CLIMATE CHANGERS - Guinness World Records could one day record this vessel as the slowest solar electric circumnavigations, or it may prove to be the first hydrogen fuel cell assisted world navigation, but this would only form part of the energy storage system along with batteries and is not the primary energy source, that is of course the sun. That said the inclusion of a new energy bank would qualify this team from France as potential climate changers.





It took a great deal of courage and heaps of foresight to decide on experimenting with hydrogen production aboard a vessel with limited solar energy as the main income for propulsion and life support. In particular, the team would have known that the challenge facing them was daunting, and many years ahead of a time when hydrogen bunkering would be a real thing. It still isn't. Now of course one of the major blockers to Zero Emission Waterborne Transport (ZEWT) advancement. The project though is inspirational, no doubt providing a wealth of practical knowledge sharing and giving ideas to innovators as to ways of combating climate change.


Big thanks then to all the supporters of this worthwhile project, Air Liquide (hydrogen) and Toyota (fuel cells), to name just two, and to the team of technicians that made it possible, and are continuing to develop this amazing concept.





Victorien Erussard, an experienced ocean racer from the city of Saint-Malo in the north of France, was halfway through a dash across the Atlantic when he lost all power. Sails kept the boat moving, but Erussard relied on an engine and generator to keep the electronics running. He temporarily lost his autopilot and his navigation systems, jeopardizing his chances of winning the 2013 Transat Jaques Vabre race.

Never again, he thought. “I came up with the idea to create a ship that uses different sources of energy,” he says. The plan was bolstered by the pollution-happy cargo ships he saw while crossing the oceans. "These are a threat to humanity because they use heavy fuel oil."







INSPIRACTION.NEWS SEPTEMBER 2016 - It will be a world’s first. The Energy Observer is an experimental catamaran that combines solar, wind and self-generated hydrogen intelligently. The challenge? Navigate for 5 years around the world as part of an expedition to the energy transition with the ambition to be the world’s first boat to be energy self-sufficient.

“Energy Observer” is actually the latest transformation of a famous racing yacht built in Quebec in 1983, the “Formula Tag”. Designed by Nigel Irens and skippered by Peter Blake, this catamaran was then considered the largest in the world and has a more than respectable chart since it won the Jules Verne Trophy in 1994 under the name of Enza after having completed a world tour in 74 days. The legend of sailing has been resurrected like a phoenix on its 33 years anniversary.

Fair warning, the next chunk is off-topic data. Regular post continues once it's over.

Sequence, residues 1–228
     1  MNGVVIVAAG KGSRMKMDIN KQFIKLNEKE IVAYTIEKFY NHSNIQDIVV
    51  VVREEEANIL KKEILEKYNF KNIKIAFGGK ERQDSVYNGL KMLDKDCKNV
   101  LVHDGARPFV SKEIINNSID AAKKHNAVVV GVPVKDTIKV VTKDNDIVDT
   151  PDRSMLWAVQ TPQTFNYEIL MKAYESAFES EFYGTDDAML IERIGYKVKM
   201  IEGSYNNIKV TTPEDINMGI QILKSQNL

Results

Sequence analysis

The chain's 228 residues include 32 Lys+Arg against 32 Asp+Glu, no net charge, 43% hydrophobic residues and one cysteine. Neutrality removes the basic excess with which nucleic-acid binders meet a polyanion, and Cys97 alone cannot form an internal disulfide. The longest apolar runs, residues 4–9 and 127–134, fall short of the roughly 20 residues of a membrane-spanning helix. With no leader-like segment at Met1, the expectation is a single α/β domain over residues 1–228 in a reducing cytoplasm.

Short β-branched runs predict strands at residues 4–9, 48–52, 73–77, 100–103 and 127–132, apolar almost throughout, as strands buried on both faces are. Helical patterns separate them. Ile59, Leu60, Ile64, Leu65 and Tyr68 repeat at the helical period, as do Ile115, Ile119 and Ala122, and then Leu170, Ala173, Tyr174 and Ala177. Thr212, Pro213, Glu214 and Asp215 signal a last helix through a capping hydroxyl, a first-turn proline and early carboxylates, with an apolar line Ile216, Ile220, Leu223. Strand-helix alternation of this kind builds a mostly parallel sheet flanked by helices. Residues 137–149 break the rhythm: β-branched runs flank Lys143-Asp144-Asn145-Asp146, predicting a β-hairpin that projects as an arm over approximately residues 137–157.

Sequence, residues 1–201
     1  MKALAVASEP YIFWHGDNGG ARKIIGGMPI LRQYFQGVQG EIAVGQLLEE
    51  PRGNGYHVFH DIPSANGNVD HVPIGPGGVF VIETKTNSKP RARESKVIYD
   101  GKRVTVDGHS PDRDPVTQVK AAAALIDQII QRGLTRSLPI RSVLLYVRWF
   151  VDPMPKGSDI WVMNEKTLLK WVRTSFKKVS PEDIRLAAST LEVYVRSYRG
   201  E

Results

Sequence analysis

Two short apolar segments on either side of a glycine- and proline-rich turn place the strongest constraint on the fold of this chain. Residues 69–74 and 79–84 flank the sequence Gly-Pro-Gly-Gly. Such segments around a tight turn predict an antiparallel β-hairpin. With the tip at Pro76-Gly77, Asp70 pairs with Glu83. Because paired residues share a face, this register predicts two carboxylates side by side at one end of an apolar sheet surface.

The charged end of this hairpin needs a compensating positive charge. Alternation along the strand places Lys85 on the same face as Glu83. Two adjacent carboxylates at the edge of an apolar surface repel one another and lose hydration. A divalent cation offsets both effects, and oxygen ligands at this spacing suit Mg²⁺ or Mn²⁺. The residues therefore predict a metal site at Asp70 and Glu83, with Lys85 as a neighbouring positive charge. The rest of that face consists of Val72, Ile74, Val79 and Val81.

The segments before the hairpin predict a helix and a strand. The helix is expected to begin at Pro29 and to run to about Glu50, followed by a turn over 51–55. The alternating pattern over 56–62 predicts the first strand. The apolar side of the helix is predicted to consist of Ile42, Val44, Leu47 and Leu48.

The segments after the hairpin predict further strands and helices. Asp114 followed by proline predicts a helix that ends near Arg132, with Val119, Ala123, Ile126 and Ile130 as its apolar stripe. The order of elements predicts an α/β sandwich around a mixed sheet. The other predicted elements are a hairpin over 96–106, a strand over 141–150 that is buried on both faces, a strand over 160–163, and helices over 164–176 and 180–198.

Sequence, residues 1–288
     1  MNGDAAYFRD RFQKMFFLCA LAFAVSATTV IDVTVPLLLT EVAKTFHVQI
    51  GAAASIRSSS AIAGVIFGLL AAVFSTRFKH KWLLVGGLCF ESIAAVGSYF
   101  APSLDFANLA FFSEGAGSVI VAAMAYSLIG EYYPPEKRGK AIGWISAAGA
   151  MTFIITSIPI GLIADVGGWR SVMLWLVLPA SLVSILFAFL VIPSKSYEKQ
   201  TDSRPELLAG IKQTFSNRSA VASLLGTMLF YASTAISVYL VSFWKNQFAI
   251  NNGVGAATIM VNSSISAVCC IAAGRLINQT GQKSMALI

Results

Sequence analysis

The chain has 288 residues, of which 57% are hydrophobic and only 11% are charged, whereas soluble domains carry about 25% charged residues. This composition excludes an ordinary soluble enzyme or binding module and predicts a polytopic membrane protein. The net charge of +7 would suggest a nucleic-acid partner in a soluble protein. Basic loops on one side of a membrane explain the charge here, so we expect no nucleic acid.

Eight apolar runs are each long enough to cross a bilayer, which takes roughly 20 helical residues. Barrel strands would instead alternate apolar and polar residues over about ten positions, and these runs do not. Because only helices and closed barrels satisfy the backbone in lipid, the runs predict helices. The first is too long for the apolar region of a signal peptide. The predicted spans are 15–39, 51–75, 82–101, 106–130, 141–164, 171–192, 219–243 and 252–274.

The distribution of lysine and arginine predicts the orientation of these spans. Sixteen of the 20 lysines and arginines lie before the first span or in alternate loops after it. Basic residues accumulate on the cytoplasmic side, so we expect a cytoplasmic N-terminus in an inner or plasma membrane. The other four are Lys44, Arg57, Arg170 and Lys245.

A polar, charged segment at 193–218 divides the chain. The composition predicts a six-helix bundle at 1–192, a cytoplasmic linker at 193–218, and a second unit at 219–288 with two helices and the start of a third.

The team behind this crazy project is very diverse: first marine Victorian Erussard and Frederic Dahirel, then the director-diver Jerome Delafosse and engineers from Innovation Laboratory for New Energy Technologies and Nanomaterials (Liten) of CEA Tech.

To produce energy, “Energy Observer” combines hydro, solar panels and vertical axis wind turbines. It will store this energy in fuel cells, Li-Ion batteries as well as hydrogen produced by electrolysis of seawater. For propulsion, it uses a semi-automated traction kit which will allow it to bypass the pole.

This odyssey of modern times will take place in two stages: from 2017 to 2019, a tour of Europe and then from 2020 to 2022, around the world to address all continents with 101 stops to set and meet innovative and practical solutions to enable better life while protecting the environment and the planet.

Jerome Delafosse, on board, will produce images of this scientific and educational epic alongside Florence Lambert, Director of Liten, and Nicolas Hulot is also sponsoring “Energy Observer”.

Beyond the image and the symbol, “Energy Observer” should also help to develop clean energy solutions for terrestrial applications, by testing them at sea. Helm to starboard, then, to the energies of tomorrow for its maiden journey in February 2017!